After a while, friends began to take advantage of these prices. They sold their houses and moved to places more isolated. Others left the shire for different reasons — aging parents who needed their attention, partners who’d scored jobs down south … Bit by bit, over a period of about ten years, my circle of friends dwindled. It happened so gradually I didn’t notice at first. One day, I woke up to discover I was down to two friends.

Sitting in my back yard one day over a cup of coffee with Tim, the cat (below), a sudden realisation came to me: I now had more friends back in Brisbane than I had in Byron Shire.

When the opportunity came to return to the city of my childhood, I was torn. I loved the shire, but it was changing. I could remember when the Gold Coast was just a series of hamlets scattered along a narrow, two-lane highway with scrub in-between. People bought land there cheaply and threw up fibro weekenders. Now it was a concrete jungle of high rises. If I stayed, would I watch the same thing happen in Byron shire? Sure, the local council had a 2-storey-high building code, but that could be overruled at any time by the state government, who’d already shown its hand by overruling the council on the fate of a caravan park in Brunswick Heads.

There was also the problem of transport. About five buses a day passed through my suburb. To get to the Writers’ Centre in Byron Bay took two buses, a commute of around seventy minutes, one way. To reach a specialist in Lismore or Tweed Heads required two buses and a taxi — a travelling time of about an hour and a half. One way. I was older now, and not well heeled. On foot, it was difficult to meet new people.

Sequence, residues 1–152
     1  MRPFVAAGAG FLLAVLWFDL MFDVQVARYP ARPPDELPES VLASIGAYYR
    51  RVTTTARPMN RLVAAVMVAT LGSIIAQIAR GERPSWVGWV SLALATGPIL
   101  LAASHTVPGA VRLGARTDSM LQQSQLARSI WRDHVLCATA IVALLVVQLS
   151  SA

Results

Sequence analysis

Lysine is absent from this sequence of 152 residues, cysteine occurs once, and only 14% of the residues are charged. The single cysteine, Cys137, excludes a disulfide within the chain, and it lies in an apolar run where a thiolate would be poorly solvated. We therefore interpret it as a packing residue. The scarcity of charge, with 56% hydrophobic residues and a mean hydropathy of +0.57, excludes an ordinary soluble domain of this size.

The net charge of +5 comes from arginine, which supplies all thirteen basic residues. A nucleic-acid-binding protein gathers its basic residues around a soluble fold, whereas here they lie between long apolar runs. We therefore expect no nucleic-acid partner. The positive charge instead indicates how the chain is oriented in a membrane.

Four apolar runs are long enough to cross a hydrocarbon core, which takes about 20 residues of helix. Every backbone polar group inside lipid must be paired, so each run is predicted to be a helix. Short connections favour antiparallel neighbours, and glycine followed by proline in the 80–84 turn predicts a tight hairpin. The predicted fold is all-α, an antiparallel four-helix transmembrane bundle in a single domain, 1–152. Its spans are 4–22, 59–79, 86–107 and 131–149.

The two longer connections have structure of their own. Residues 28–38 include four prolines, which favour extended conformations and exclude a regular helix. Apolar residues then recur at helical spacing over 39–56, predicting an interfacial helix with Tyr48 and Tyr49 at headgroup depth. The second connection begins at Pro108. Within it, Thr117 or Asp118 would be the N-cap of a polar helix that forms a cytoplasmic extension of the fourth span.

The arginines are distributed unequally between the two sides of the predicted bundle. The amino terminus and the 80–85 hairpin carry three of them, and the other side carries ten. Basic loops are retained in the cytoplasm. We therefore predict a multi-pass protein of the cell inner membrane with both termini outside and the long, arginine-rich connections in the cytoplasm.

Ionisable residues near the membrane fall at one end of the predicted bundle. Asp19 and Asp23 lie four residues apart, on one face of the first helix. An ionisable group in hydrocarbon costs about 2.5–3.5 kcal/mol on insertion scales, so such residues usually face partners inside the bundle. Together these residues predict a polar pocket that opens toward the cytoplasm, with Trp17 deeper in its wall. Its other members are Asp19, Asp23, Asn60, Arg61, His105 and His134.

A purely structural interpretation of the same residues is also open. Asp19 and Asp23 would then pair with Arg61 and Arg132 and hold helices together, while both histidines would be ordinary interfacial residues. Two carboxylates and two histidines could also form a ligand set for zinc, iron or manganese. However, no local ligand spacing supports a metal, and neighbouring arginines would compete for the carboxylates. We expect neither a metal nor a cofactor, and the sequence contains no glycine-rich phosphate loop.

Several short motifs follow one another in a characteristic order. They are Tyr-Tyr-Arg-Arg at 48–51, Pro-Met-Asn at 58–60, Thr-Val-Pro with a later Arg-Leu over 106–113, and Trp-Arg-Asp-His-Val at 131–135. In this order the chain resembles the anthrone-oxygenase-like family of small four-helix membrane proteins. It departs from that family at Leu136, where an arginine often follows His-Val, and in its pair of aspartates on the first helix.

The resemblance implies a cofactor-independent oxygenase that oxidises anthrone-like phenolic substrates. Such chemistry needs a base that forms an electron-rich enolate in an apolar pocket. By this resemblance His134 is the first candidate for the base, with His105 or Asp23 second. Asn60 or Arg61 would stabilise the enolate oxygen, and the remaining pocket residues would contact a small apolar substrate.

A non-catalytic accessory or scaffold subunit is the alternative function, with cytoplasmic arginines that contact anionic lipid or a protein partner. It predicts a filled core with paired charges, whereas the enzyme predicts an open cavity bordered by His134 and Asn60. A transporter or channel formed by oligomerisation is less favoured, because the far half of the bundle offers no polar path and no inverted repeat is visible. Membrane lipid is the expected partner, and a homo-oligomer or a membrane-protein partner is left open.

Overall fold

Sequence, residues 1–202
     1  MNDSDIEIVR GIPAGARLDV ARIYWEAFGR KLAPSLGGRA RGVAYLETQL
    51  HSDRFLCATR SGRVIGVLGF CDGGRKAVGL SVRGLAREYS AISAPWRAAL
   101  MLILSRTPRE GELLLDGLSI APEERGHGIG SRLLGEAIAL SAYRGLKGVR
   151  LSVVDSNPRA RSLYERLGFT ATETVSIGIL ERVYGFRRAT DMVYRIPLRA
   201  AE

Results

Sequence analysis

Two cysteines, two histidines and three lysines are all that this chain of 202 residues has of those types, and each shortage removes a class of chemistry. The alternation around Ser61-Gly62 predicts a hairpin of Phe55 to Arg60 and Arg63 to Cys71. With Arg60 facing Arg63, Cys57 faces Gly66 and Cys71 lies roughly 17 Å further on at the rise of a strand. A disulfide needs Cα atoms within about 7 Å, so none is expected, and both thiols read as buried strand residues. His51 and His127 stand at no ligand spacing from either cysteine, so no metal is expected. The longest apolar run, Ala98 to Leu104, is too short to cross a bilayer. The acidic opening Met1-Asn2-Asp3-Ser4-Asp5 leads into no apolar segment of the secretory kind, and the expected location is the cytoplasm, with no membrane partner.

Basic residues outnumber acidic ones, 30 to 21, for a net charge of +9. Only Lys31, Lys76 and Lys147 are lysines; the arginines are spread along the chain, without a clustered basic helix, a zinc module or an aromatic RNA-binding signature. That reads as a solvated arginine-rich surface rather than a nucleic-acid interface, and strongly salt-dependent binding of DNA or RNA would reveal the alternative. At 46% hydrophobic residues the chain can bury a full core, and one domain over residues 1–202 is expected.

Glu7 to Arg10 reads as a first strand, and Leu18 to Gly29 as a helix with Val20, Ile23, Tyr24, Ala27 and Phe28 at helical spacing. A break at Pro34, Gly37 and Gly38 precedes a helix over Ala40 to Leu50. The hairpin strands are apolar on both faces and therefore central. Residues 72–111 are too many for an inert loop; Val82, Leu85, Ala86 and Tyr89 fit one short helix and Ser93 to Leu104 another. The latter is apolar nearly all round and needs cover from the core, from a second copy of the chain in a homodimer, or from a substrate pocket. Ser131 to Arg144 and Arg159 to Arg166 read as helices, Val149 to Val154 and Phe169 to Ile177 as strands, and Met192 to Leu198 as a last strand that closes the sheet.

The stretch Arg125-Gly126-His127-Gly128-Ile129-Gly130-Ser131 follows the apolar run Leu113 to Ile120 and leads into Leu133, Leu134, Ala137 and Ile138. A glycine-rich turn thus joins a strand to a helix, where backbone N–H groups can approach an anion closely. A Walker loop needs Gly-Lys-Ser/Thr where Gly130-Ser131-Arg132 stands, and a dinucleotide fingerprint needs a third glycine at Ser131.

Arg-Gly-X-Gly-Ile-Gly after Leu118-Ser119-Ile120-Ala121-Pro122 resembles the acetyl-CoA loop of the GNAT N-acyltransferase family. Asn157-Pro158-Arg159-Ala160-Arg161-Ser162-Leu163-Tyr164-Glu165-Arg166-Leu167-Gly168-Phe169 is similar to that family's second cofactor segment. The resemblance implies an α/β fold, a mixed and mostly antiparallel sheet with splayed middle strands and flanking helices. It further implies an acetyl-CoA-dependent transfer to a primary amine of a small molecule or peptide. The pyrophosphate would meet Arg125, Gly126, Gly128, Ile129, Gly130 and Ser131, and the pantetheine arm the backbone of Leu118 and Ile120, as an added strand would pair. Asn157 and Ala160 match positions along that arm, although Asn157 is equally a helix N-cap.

The track was petering out.

What to do? I discussed it with the cat, and he advised me to move north, back to the city in which I’d been raised.

More later.

 

This is the latest on Jack, whom my friend Sandy could not take with her when she had to move to Woollongong because of ill health.

Jack’s finally going to his new home! I got an email this morning from the big hearted Bailey at the Cat Refuge in Billinudgel this morning. It read:

Hi Dani,

Jack went to his new home yesterday where a 9 year old terrier was waiting for him as he had recently lost his cat.
The new owners had been waiting for builders to finish doing renovations on their house before they picked him up, it took longer than they intended, but all is done now, and I saw Jack off yesterday afternoon. The new owner promised to send photos of Jack and his new dog, so as soon as I get some, I’ll forward them on to you.
I’ve attached some photos of Jack yesterday before he left, and one in cage ready to go.
Have a lovely evening,
Kind regards,
Bailey 
Such a relief. Now all we have to worry about is whether he and the terrier will get on.

When I first came to the Northern Rivers of New South Wales, brush turnkeys were not protected. Consequently, a sighting of them was a rare thing. Sometimes as we were driving along we’d see one making its way stealthily through the bush. The kids would be excited. “Look, a brush turkey!” Now, with the advent of their protection, all that has changed. Today they stride confidently around the suburbs, chortling to themselves and ripping up domestic gardens. Nothing is safe. They will even hop up into pot plants and rip them up, too — just for the hell of it.